First, there’s the antibiotic factor, which acts like a double-edged sword. During antibiotic treatment – used for both Lyme and SIBO – some of your symptoms may disappear. But both Lyme and SIBO are persistent infections, calling for long-term or recurring courses of antibiotics. And both, especially SIBO, can get worse quickly as soon as antibiotic treatment stops.
Next, Lyme disease can affect the nerves in the digestive tract, which can cause dysmotility. The slowed-down process leaves food lingering longer in the small intestine. The longer that bacteria have access to food, the more they can flourish. That’s why SIBO patients are around 600% more likely to suffer with dysmotility.
Finally, Lyme disease can cause long-term systemic inflammation. Intestinal inflammation can throw the gut microbiome out of healthy balance, allowing pathogenic bacteria to grow out of control. Those pathogens attack the protective gut barrier, leading to leaky gut – meaning the pathogens escape into the bloodstream. From there, they can sneak into the small intestine and create or worsen SIBO.
The Right Probiotics for Gut Support
If you have Lyme disease, your gut microbiome is almost certainly out of balance – a condition called dysbiosis where harmful bacteria outnumber beneficial bacteria in the gut (the large intestine).
And if you have SIBO, you’re definitely dealing with a bacterial imbalance in your small intestine.
To support your gut and encourage a healthy bacterial balance in both the small and large intestines, one of your greatest allies can be probiotics. But there’s a problem…
When you already have SIBO, a problem of bacterial overgrowth, you don’t want to fuel it by adding more bacteria – even probiotic bacteria – into the mix. Unfortunately, that’s what happens with most commercial probiotics, which can make you feel much worse. And that’s why a lot of doctors will tell you to avoid probiotics when you have SIBO.
But avoiding probiotics altogether solves nothing – Both Lyme disease and SIBO call for a probiotic boost for complete healing. The trick is to use the right probiotics…
Spore Probiotics To The Rescue
In order to NOT encourage the intestinal challenges that come from Lyme disease and SIBO, a probiotic must have the following characteristics:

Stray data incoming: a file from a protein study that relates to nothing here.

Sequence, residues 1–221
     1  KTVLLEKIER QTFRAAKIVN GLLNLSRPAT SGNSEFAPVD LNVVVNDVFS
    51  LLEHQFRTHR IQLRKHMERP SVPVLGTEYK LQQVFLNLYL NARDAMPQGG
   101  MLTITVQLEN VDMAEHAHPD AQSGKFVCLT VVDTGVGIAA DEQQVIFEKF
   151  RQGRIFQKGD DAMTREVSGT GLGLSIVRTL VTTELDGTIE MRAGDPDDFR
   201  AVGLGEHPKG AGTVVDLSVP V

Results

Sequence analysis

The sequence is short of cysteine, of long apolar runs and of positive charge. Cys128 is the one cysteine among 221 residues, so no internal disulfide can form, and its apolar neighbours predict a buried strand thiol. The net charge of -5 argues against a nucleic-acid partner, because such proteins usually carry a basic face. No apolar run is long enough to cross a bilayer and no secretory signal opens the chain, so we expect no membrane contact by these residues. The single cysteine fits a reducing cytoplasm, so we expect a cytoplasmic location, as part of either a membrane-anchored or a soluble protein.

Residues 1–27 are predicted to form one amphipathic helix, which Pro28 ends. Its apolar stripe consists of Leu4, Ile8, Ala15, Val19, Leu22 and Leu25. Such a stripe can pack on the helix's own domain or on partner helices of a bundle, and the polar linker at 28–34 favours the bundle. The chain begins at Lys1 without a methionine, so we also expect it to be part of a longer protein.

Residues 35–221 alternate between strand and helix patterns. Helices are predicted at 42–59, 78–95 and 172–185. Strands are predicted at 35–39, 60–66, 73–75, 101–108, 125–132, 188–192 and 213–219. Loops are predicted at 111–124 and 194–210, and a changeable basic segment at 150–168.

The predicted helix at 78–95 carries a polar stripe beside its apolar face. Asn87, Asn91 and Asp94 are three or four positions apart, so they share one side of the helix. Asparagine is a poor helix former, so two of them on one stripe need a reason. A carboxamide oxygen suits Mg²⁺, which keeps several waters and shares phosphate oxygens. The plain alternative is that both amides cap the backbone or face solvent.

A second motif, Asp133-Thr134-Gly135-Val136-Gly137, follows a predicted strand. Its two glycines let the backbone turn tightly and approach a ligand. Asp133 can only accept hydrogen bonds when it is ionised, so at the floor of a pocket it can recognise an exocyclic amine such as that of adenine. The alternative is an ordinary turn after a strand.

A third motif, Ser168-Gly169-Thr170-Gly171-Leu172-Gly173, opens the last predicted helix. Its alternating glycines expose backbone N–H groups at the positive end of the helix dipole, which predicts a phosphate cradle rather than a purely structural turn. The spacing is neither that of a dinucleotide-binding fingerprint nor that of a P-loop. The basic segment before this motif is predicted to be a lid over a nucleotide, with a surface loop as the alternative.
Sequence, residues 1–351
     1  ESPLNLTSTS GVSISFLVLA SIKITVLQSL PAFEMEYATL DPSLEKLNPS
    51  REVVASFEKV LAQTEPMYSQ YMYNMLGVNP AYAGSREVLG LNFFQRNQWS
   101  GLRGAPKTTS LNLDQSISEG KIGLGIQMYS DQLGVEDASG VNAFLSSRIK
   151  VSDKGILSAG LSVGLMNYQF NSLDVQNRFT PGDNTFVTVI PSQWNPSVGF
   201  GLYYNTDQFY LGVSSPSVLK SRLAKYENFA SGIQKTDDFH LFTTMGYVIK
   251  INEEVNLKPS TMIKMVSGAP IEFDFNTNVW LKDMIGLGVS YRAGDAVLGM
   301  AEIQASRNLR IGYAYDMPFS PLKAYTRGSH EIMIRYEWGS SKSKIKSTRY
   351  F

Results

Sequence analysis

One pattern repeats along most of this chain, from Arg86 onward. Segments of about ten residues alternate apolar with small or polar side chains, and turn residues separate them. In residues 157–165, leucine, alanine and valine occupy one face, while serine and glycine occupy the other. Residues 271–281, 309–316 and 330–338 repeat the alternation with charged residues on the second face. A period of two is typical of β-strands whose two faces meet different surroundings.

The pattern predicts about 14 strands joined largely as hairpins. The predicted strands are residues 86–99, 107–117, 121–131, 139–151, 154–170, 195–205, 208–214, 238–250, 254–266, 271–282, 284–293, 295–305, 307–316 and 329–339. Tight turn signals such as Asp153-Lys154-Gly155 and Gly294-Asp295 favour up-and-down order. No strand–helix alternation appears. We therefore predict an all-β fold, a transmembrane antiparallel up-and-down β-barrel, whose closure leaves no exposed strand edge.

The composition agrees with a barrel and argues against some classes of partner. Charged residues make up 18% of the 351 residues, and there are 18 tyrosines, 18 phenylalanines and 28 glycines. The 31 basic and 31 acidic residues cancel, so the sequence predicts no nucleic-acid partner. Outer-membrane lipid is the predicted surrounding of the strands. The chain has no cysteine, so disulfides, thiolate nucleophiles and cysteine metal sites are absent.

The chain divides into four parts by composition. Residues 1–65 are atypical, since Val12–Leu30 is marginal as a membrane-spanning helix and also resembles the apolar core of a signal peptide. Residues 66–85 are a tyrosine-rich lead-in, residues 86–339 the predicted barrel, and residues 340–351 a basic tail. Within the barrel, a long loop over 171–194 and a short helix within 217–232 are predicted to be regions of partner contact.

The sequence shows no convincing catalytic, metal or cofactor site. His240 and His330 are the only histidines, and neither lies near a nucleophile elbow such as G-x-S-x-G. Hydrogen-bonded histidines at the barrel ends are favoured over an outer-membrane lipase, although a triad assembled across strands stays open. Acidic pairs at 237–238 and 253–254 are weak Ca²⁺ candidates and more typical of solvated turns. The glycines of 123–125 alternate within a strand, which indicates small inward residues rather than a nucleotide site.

- It can’t go to work in the small intestine
- It must survive stomach acid and digestive enzymes to reach the gut intact and alive
- It has to kill off pathogens in the large intestine (basically killing the competition)
- It must support and encourage many different types of beneficial bacteria to flourish
There’s only one type of probiotic that meets all of those qualifications:
Spore probiotics have tough protective shells that allow them to stay alive in harsh environments. They can stand extreme temperatures, and easily survive digestion to make it all the way to your gut alive and ready to go to work.
When they reach your large intestine, spore probiotics shed their endospore shells and begin their trek – Travelling from the top of your large intestines to the bottom, they wiping out bad bacteria, and plant and encourage your beneficial bacteria to thrive. This helps to support a healthy balance in your gut microbiome.
And a healthy gut microbiome can help restore balance to your immune system, which can help you tackle health challenges head on...
Support a healthy gut microbiome with Just Thrive
Just Thrive spore probiotics help keep your gut microbiome in healthy balance. Just Thrive contains four clinically studied strains of spore probiotics that support healthy immune system function and a healthy inflammatory response.
The four spore probiotics in Just Thrive include:
- Bacillus clausii, which has the unique ability to resist damage from several common antibiotics and also stimulates antibody production to help your immune system fight off threats
- Bacillus subtilis HU38, which produces natural antibiotics that help kill off pathogenic bacteria
- Bacillus indicus HU36, which produces several highly absorbable antioxidants including beta-carotene, lycopene, lutein, zeaxanthin, astaxanthin, and CoQ10
- Bacillus coagulans, which produces beneficial short chain fatty acids and helps increase populations of beneficial bacteria in the gut